Thursday, May 30, 2024
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Dating Someone With An Illness

“Run. Bolt before he dies and leaves you heartbroken,” a friend said as I told her about the cancer-surviving man I met in an elevator. Just days before, he and I had become Facebook friends. While scrolling through his profile pictures, I hesitated as I saw the white sash draped over his shoulder. 

Not just any white sash, but one that read Survivor.

I discovered that the cute boy I met in the elevator had survived cancer. I thought, Maybe I should run now while I have the chance!


In my brain, the word created feelings of fear and uncertainty, not happiness and celebration. He survived cancer, and I should celebrate him with praise. But instead of praise, thoughts of death plagued my mind. 

I must admit, it took years for my celebrating to start. From the title of this article, you know I never bolted. And I thank God I never listened to my friend’s poor advice. God blessed me with my husband. Yet, every time I chat with a new friend over coffee or introduce my husband and share his cancer story, I deal with the same reactions.

“I’m not sure if you know this, but my husband survived cancer,” I share. 

“What?” they say as their eyes practically bulge out of their sockets.

“Two-time survivor actually.”

Then proceeds a list of FAQs. Allow me to answer all of your questions:

Yes, my husband survived cancer. Twice. First in his lungs and then in his brain.

Yes, this happened at a young age — 18 years old and then 19 years old.

Yes, he endured surgery, chemo and radiation.

Yes, I married him. And I’d do it again.

“Aren’t you afraid?” they ask.

I answer, “Well, I could die tomorrow in a car accident …”

Nothing seems to convince them or remove the look of shock from their faces. I appreciate their concern for my husband’s health, but sometimes concern fails to lend support.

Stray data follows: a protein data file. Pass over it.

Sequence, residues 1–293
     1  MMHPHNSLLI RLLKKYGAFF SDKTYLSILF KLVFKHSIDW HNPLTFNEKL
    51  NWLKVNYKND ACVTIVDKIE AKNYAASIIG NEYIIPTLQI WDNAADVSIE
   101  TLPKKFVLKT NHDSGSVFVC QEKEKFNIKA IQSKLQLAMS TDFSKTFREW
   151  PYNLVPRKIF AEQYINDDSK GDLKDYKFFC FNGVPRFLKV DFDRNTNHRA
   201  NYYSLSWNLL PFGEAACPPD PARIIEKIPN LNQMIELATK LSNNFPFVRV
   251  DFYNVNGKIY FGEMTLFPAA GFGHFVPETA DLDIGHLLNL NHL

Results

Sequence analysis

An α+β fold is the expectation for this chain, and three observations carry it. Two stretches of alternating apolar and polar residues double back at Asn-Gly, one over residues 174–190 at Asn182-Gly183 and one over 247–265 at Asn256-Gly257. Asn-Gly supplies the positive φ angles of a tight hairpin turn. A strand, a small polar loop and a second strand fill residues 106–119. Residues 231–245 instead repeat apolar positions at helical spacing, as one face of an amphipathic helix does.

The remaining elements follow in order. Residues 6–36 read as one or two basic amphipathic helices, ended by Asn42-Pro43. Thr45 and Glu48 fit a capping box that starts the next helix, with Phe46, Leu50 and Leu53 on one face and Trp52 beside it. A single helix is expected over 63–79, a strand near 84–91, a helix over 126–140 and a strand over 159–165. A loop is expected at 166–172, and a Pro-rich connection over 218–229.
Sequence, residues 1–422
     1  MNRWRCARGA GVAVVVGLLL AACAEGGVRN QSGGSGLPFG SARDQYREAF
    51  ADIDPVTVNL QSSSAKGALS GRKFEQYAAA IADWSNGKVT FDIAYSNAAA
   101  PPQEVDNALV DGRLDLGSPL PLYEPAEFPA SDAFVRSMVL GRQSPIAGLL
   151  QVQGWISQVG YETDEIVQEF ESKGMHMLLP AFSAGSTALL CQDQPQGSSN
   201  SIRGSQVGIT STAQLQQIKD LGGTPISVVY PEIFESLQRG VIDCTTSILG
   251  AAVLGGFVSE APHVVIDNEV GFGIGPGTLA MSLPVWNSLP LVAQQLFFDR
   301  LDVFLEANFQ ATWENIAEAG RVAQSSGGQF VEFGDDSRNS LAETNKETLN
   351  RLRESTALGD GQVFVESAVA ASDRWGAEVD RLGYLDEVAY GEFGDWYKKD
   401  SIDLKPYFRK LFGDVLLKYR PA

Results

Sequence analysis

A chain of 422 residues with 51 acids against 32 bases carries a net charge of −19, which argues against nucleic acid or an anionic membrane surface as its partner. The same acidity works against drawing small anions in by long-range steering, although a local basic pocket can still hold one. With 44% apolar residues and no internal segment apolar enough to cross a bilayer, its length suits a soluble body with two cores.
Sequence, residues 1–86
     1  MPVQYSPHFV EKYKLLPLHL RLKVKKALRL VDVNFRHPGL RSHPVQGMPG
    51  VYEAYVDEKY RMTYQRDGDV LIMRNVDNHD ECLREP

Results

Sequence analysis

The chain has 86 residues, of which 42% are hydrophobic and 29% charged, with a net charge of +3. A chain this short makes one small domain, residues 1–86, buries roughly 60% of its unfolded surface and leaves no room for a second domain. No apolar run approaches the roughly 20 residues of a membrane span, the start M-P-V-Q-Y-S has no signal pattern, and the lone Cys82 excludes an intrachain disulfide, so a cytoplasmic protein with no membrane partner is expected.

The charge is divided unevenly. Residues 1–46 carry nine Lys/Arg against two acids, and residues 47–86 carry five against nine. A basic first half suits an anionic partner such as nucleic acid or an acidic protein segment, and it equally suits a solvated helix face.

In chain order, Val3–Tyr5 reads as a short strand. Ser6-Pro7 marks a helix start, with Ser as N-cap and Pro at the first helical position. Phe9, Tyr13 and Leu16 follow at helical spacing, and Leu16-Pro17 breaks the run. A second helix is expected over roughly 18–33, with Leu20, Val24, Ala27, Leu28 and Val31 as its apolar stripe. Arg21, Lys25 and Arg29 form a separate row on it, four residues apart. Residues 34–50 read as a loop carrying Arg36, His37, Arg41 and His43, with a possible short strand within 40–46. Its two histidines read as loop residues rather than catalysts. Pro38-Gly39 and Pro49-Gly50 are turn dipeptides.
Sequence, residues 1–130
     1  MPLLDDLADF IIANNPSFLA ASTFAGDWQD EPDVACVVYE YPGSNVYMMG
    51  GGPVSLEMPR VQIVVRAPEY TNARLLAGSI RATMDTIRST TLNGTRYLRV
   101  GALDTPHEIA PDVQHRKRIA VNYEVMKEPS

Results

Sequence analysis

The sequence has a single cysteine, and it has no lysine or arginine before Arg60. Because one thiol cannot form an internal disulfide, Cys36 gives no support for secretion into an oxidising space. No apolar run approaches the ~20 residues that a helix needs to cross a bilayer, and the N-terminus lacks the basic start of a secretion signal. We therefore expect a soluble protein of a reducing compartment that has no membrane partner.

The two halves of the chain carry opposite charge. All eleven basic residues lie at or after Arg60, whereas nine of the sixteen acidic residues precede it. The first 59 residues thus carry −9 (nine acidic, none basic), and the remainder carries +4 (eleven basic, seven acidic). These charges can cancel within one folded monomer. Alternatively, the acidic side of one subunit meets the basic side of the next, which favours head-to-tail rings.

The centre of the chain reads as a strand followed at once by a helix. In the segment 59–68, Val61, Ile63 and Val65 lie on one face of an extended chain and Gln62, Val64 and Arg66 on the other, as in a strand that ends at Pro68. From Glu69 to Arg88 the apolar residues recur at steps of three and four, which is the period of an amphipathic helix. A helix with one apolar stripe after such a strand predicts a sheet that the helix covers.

Apparently, my decision contradicts most. The journal Cancer Epidemiology, Biomarkers & Prevention found that childhood cancer survivors are 20-25 percent less likely to marry compared with their siblings and the American population.

In addition to the stats, thousands of online forums overflow with people asking if they should date and marry cancer survivors. Misconceptions and social stigma force people to reject cancer survivors as their spouses. My husband, Zack, shared with me that during his junior year of college, girls would express interest in dating him, but when they found out he previously had cancer, that interest evaporated. Imagine living through a life-threatening illness only to have your heart broken by women who fear you could still succumb to cancer. Although, personally, I praise God that all of those girls said no, because I got to say yes. Their loss. 

So, should someone run away after hearing the word survivor? To truthfully answer this question, we need to define the point of marriage. Do you believe that God created marriage for your personal gain? If so, then yes, you should bolt. Or do you believe that God created marriage for a greater purpose?  

As Christians, we believe that God created marriage as a selfless partnership for man and woman in pursuit of Christ. With this belief, husband and wife express an “us” mindset instead of a “me” mindset. Having an “us” mindset allowed me to surrender my fears and enter into a partnership with my husband. 

I often forget that he survived cancer. I only remember a few times a year — yearly scans and at the Cycle for Survival, a fundraiser for rare cancers. Some days, I feel guilty for not worrying more, as if my “wife job description” includes worrying daily about his health; however, I know that on the days that I do worry, I can cast all my anxiety on God (1 Peter 5:7).

Yes, my husband survived cancer, but cancer does not define him. My husband loves and follows Christ. Jesus defines him. My husband shares his story to minister to others affected by cancer. Should you marry a cancer survivor? I vote yes.


Joy Pedrow Skarka loves creating spaces to bring women freedom. She is a doctoral student at Dallas Theological Seminary studying women’s ministry, sexuality and shame. You can see more of her work at

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